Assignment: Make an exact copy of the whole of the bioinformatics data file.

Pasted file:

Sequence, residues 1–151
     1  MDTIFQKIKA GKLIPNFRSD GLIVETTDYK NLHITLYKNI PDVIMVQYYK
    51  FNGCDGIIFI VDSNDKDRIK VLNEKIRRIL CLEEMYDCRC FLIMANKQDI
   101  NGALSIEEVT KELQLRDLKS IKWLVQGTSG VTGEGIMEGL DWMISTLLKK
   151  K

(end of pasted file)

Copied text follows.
Sequence, residues 1–151
     1  MDTIFQKIKA GKLIPNFRSD GLIVETTDYK NLHITLYKNI PDVIMVQYYK
    51  FNGCDGIIFI VDSNDKDRIK VLNEKIRRIL CLEEMYDCRC FLIMANKQDI
   101  NGALSIEEVT KELQLRDLKS IKWLVQGTSG VTGEGIMEGL DWMISTLLKK
   151  K